Supply Chain is a very difficult business area to work in. It is not for the faint of heart. But the fact that it is such a challenging area, promising both risk and reward, is one of the things that makes it an exciting career path. At any point you can be on the Naughty list or the Nice list.
These are hard jobs. I’ve heard it said many times that just staying afloat in Supply Chain is success because there are so many things that could drown you from one day to the next.
And even though the Supply Chain is absolutely essential for running virtually any business the Supply Chain team doesn’t always get the recognition they deserve for keeping the company afloat.
So we felt that it was time to sit back and reflect on what kind of year you’ve had and think about what you’ve done, what you’ve overcome, and what you’ve accomplished.
What do you think? Are you on the Naughty list or the Nice list?
A part of the challenge in Supply Chain is dealing with issues and problems that are, and are not, of our own doing.
Customers under forecast demand but want their increased volumes tomorrow anyways. Politics and government actions disrupt continuity of supply. There isn’t enough cash to run the business. Someone in your Supplier’s organization embezzles funds or screws up product quality. A Carrier doesn’t file their paperwork on time or correctly and you can’t get your goods out of Customs. A data entry error somewhere along the way overstates your inventory on a part which you find out when you go to get the part on a warehouse shelf and its not there.
It doesn’t matter where the problem originated from, or whether or not it was your fault. What does matter is how aggressively and intelligently you deal with these unforeseen problems and drive them to resolution. Further it is important as to what measures you subsequently take to improve processes, controls, structure and your Supply Chain network to prevent, if not eliminate, these problems from recurring in the future.
The Naughty and Nice Lists
Depending on your job the lists may be different from what we’ve created here. If your job scope is different the concept is still applicable. Just make two lists, one itemizing those things that went well (the Nice list) for you over the last year, and the other for things that didn’t go well (the Naughty list), or rather didn’t start off well.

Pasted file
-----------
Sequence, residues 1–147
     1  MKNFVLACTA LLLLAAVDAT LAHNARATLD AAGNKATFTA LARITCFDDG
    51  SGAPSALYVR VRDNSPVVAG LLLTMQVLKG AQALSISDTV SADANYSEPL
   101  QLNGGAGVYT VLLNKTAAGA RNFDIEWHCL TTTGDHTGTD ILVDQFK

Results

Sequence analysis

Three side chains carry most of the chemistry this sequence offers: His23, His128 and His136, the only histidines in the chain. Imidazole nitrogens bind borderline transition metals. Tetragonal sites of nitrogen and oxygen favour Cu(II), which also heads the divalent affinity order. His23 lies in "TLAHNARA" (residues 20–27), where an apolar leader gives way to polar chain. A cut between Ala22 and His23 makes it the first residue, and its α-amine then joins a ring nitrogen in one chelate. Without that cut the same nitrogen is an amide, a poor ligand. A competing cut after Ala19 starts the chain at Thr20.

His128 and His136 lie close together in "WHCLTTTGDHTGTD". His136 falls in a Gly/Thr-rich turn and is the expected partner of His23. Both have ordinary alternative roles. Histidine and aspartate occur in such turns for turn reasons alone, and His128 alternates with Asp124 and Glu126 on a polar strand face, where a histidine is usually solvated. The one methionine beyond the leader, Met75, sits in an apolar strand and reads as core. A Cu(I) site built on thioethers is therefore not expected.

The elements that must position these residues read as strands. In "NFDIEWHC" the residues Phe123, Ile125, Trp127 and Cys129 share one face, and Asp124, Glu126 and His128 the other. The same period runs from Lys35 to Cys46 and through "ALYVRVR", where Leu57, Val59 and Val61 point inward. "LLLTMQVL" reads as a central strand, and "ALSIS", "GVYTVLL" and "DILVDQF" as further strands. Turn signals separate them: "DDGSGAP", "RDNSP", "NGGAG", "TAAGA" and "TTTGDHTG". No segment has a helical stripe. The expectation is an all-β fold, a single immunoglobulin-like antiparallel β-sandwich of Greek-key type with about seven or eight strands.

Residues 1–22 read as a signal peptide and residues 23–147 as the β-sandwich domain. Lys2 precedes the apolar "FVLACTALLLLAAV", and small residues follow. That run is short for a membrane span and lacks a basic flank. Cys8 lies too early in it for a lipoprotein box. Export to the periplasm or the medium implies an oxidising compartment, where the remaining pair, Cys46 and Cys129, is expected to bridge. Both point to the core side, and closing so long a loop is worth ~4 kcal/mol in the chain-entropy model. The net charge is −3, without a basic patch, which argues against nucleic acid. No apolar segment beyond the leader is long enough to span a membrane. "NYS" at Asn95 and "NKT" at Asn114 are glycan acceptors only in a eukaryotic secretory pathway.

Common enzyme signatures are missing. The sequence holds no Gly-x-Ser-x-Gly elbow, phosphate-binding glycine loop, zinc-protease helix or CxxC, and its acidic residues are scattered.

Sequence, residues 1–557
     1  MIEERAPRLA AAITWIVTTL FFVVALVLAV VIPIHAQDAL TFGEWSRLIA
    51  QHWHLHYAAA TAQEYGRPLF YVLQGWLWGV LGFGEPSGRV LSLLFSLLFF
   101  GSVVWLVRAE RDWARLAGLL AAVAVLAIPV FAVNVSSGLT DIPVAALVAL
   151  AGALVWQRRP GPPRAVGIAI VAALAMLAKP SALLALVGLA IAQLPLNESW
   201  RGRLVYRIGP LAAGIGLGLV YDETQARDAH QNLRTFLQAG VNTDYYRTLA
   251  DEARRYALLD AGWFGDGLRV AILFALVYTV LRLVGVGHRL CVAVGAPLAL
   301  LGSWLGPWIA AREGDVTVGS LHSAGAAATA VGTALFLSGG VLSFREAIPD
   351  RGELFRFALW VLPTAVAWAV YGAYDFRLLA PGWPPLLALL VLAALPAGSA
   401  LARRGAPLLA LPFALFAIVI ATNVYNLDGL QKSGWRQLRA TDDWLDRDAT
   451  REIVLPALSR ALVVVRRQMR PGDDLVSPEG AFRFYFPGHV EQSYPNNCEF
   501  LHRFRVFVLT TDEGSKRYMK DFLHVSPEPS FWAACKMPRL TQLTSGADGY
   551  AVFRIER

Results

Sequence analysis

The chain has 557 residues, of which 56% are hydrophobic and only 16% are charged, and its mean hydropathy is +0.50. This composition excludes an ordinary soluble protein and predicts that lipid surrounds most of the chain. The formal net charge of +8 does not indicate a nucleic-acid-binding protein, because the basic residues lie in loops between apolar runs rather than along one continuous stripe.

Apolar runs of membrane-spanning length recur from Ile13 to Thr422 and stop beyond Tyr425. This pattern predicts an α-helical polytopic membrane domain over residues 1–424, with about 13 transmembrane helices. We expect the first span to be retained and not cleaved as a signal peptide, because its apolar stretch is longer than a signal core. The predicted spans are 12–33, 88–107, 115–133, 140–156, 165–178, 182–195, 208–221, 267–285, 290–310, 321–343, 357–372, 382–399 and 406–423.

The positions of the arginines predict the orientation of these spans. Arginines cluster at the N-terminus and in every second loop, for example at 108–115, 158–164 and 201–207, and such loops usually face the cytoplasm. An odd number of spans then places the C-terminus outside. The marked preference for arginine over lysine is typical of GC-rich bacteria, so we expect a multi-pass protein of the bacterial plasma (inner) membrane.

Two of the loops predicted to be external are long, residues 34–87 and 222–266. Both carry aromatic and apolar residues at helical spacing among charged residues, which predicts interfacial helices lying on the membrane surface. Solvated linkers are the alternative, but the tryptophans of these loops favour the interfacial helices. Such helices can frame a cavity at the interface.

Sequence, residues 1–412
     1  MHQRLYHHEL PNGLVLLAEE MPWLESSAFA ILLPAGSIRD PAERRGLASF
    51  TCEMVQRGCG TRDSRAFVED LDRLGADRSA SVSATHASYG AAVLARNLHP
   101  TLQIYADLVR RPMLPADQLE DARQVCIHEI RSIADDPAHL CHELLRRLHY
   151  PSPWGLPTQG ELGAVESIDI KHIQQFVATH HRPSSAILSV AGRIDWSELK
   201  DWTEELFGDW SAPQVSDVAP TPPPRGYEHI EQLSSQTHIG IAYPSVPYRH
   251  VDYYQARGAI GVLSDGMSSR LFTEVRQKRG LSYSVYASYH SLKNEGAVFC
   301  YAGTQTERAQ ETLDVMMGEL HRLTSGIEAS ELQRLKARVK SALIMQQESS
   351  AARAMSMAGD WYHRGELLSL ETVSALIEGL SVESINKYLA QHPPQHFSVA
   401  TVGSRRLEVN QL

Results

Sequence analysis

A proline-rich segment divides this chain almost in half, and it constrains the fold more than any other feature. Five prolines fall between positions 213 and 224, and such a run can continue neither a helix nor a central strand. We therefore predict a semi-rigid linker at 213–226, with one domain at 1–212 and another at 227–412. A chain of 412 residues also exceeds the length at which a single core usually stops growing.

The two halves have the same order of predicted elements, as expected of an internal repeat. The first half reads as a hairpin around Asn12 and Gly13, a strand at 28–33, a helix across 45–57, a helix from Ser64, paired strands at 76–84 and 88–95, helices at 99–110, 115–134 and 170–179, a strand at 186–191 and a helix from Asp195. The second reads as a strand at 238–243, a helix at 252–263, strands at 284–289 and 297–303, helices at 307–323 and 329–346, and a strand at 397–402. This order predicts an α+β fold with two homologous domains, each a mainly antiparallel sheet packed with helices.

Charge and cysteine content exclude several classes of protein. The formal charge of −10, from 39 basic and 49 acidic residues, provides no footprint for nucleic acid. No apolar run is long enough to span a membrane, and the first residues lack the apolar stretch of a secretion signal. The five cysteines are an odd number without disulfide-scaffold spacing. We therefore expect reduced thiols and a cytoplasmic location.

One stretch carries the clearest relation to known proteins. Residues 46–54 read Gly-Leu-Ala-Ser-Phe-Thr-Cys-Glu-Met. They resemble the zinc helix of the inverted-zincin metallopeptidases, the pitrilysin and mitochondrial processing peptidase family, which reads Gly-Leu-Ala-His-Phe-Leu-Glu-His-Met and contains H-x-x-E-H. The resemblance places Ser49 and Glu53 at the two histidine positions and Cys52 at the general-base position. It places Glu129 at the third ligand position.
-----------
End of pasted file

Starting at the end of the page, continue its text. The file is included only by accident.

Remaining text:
For the Naughty list it may be that a problem was of your own making, or a problem that originated elsewhere ended up on your desk for resolution. If you were able to solve the problem then the problem should be on the Naughty list with the solution of the problem showing up on the Nice list.
The Nice list should be a great summary of accomplishments, both planned and unplanned. I expect it will include a combination of tactical and more strategic actions, proactive and reactive activities, and anticipated and unexpected outcomes.
The Naughty list should also be a great summary of problems (again not necessarily of your own making), issues, and unforeseen situations. There may be some personal items, customer issues, and supplier issues. Some of these items may still be problems but others I expect will have been addressed or are in the process of being addressed.
It is most important to study the Naughty list as you make your plans and establish your goals and objectives for the coming year. The Naughty list should provide insights into broken processes, kinks in your Supply Chain, organizational problems, and more.
With that experience considered you should be able to take steps and implement measures to create an even greater, more robust Supply Chain for the future.
The Naughty List or the Nice List
I would bet that most anyone in Supply Chain would be on both the Naughty list AND the Nice list. Unless your job is so basic that there is no opportunity for error any Supply Chain job is bound to be faced with some type of problem over the course of the year.
But Supply Chain professionals know that problems of some kind can always occur. What is most important is how they deal with these issues. Being professional, intelligent, hard working, proactive, preventive, and decent are hallmark traits that overall put any Supply Chain leader on the Nice list!